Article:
He spoke with bitterness, and, having said thus, relapsed for some minutes into silence. Presently he raised his head from his hands, and added, with an altered voice and manner,

'I, sir, paused, investigated, believed, and was not ashamed to state my convictions to the world. I, too, was branded as a visionary, held up to ridicule by my contemporaries, and hooted from that field of science in which I had laboured with honour during all the best years of my life. These things happened just three-and-twenty years ago. Since then, I have lived as you see me living now, and the world has forgotten me, as I have forgotten the world. You have my history.'

'It is a very sad one,' I murmured, scarcely knowing what to answer.

'It is a very common one,' he replied. 'I have only suffered for the truth, as many a better and wiser man has suffered before me.'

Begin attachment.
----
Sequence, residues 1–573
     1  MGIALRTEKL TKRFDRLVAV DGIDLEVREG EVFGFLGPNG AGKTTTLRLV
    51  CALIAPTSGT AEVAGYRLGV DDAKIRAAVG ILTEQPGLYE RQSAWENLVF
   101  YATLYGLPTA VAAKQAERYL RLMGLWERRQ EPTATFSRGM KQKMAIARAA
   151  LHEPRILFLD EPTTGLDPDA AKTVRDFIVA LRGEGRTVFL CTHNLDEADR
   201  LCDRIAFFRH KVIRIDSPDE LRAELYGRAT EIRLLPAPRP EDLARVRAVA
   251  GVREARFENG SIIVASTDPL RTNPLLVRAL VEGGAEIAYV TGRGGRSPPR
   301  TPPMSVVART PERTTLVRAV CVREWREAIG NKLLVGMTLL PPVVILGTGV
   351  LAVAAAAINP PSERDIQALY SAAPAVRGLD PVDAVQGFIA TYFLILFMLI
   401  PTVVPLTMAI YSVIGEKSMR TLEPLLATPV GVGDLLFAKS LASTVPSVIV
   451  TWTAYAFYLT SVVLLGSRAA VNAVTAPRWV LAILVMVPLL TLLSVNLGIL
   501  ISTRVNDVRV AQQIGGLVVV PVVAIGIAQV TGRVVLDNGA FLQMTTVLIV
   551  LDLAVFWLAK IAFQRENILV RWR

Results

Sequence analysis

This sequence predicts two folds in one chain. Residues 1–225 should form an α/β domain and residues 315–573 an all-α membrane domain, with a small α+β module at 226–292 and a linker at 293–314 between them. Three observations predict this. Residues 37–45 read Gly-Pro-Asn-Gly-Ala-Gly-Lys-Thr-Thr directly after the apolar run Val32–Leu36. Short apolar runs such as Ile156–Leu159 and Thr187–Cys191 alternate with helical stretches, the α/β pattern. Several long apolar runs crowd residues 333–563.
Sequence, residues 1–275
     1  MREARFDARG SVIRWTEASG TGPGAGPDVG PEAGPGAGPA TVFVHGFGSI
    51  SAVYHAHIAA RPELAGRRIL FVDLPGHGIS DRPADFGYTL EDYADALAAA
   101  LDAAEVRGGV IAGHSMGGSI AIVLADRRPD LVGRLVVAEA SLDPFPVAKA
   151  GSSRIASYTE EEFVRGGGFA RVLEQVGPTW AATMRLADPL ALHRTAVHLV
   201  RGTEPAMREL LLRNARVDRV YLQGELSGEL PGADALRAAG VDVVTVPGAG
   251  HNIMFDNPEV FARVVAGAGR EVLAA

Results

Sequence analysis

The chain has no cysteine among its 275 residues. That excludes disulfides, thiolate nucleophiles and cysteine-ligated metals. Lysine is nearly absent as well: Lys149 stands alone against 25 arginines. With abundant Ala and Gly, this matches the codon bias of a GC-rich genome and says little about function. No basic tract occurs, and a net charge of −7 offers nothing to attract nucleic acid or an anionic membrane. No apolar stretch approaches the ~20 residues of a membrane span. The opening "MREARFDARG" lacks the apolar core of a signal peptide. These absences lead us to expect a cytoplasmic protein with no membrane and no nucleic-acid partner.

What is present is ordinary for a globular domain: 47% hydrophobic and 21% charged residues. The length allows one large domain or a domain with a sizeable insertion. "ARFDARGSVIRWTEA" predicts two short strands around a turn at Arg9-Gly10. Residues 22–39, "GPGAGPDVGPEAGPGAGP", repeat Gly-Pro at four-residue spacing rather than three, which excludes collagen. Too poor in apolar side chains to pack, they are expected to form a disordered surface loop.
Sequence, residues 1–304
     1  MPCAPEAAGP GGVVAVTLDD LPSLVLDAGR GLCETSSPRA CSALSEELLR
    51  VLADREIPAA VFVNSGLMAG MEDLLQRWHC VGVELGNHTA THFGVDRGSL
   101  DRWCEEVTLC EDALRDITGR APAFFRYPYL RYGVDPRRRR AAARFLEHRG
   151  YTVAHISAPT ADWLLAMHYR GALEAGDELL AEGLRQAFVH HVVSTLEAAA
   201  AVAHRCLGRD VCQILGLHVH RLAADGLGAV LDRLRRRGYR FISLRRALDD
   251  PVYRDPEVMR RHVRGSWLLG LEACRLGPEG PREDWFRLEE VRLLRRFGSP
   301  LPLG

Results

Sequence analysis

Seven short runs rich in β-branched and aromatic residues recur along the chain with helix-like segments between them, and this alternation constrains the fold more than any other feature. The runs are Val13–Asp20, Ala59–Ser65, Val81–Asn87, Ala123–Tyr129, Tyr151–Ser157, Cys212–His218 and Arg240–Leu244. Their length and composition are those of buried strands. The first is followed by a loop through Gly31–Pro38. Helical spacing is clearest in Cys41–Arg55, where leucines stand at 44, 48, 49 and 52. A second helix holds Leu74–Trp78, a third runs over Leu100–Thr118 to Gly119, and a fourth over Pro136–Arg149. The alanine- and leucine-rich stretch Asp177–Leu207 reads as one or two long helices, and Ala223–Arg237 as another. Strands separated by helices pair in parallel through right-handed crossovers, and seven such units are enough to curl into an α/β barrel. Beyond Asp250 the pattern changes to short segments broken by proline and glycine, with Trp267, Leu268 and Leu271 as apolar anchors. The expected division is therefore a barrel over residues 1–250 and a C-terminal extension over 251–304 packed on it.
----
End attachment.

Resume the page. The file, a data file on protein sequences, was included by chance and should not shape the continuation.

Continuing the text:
He rose, as if desirous of ending the conversation, and went over to the window.

'It has ceased snowing,' he observed, as he dropped the curtain, and came back to the fireside.

'Ceased!' I exclaimed, starting eagerly to my feet. 'Oh, if it were only possible—but no! it is hopeless. Even if I could find my way across the moor, I could not walk twenty miles tonight.'

'Walk twenty miles tonight!' repeated my host. 'What are you thinking of?'

'Of my wife,' I replied, impatiently. 'Of my young wife, who does not know that I have lost my way, and who is at this moment breaking her heart with suspense and terror.'

'Where is she?'

'At Dwolding, twenty miles away.'

'At Dwolding,' he echoed, thoughtfully. 'Yes, the distance, it is true, is twenty miles; but—are you so very anxious to save the next six or eight hours?'

'So very, very anxious, that I would give ten guineas at this moment for a guide and a horse.'